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I read in a book once that you should pay attention to what makes you jealous. If someone describes something they are doing or somewhere they are going and it makes your stomach twist and lips curl, that’s a sign. When your thoughts turn to “Must be nice!” instead of “Good for her,” then it’s a pretty sure bet the green monster of jealousy is eating at you bit by bit.

This is OK. The monster tells us what we are lacking.

Except for one thing. The problem with being a busy mother is that what we are lacking probably won’t be fulfilled anytime soon. We are lacking many things, and sometimes we don’t even have the brain space to prioritize how to spend our precious free time to make up for the canyon of lack we feel deep in our souls.

RELATED: A Mother’s Mind Never Rests, Because We Carry The Mental Load

Self-care is a buzzword, and it has become one of the most confusing things for me to unpack and apply to my life as a mother of two small children. On one hand, I understand my body needs food, rest, and a degree of peace in order for me to feel safe and mentally stable. But on the other hand, I am feeding myself last, getting up early to take care of the kids, and constantly feeling on edge because I have a baby climbing up my side and a whiney toddler arching her back in my arms.

How do I take care of myself when I am tasked with the monumental responsibility of taking care of a busy toddler and a clingy baby?

There is no easy answer. I pray for the strength to do my mama job well. I agree with those who say you have to fill your empty cup, but I also kind of agree with those who say giving up everything for your kids is necessary and worth it.

Everything, though? Do I have to give up everything?

No, I don’t think so.

So what’s the middle ground?

I was on the hunt for a good answer to the self-care controversy of motherhood.

I found relief one day as the answer unfolded right in front of me.

It was a slow afternoon. I sat in the living room recliner taking a breath after feeding the baby. My daughters were playing on the floor, quiet and content. My brain buzzed as usual with thoughts and worriesfinances, a potential moving situation, something my husband said earlier, the painful cramps in my gut foretelling my cycle.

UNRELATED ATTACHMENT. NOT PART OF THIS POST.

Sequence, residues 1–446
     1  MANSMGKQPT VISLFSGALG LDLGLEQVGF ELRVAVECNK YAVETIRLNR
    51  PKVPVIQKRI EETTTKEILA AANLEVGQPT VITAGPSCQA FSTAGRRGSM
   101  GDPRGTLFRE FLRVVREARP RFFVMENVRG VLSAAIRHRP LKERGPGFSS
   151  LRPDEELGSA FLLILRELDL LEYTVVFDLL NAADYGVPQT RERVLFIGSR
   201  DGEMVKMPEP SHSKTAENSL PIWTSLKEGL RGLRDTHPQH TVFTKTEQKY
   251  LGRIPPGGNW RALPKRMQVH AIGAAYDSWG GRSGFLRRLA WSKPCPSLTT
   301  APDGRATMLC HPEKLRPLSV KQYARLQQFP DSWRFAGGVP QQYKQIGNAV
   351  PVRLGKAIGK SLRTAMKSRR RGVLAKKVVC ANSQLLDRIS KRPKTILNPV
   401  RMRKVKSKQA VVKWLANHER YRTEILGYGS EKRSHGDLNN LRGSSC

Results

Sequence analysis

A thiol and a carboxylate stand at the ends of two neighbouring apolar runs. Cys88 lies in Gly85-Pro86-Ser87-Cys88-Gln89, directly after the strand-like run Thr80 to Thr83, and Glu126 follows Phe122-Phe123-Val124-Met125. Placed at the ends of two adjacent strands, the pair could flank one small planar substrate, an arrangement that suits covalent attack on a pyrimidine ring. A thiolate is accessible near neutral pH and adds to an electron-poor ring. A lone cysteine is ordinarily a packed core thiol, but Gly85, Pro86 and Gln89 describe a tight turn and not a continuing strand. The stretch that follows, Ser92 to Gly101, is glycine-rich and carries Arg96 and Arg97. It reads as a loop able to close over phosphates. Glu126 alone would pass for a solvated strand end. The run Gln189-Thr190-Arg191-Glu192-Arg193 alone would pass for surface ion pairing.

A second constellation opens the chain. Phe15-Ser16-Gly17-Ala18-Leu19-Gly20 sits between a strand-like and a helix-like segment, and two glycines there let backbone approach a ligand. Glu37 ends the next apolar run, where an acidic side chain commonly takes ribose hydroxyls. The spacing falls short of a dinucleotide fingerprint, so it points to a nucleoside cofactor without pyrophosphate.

My girls didn’t know. My big girl carefully turned the pages of her board book, humming to herself. Her beautiful curls flopped in front of her eyes, and she tried unsuccessfully to tuck them away. My little baby rolled around on her back, flipping a torn piece of paper in her hands back and forth, mesmerized. I smiled at the double chin she made while staring, unblinking at the magic of it all.

I sacrifice so they can be safe. I give up luxuries so they feel secure. I let go of sleep and date nights and vacations so they can know what daily unconditional love is.

RELATED: When Self-Care Feels Impossible, Focus on Making Room

Self-care is vital. I love taking showers. I love a warm bed and at least eight hours of sleep. I love reading a book on the back porch on a cool day where the sun warms my shoulders.

But I love them more.

And because they don’t know how scary the world can be or how tumultuous adult life feels, these are the years of sweet innocence. If I can bear the weight of the world for them so their souls rest easy, then I am committed to doing that. For them.

Self-care can be flexible. Today I might not get to eat a hot meal with two available handsbut hey, maybe tomorrow! It’s OK. A brisk, 20-minute walk when my husband gets home from work might be enough to hold me over through this season.

The green monster of jealousy sometimes hangs around, let’s be honest. I have to wrestle with that regularly. But my love for these two girls is growing, and I love being in on that action more than all the comforts this world can offer.

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Kim Patton

Kim Patton is an adoptive and foster mama living in South Carolina with her husband Kevin and two daughters; Eden and Shiloh. She writes for Waiting in Hope Infertility ministry and Shaunti Feldhahn, and has been the host of the Book Therapy podcast since 2022. Her second book, "Nothing Wasted: Struggling Well through Difficult Seasons" encourages readers to recognize personal growth amidst hard times. In her free time, she is usually reading a memoir in the sunshine, taking her girls to the playground or playing tennis with her husband at the YMCA.

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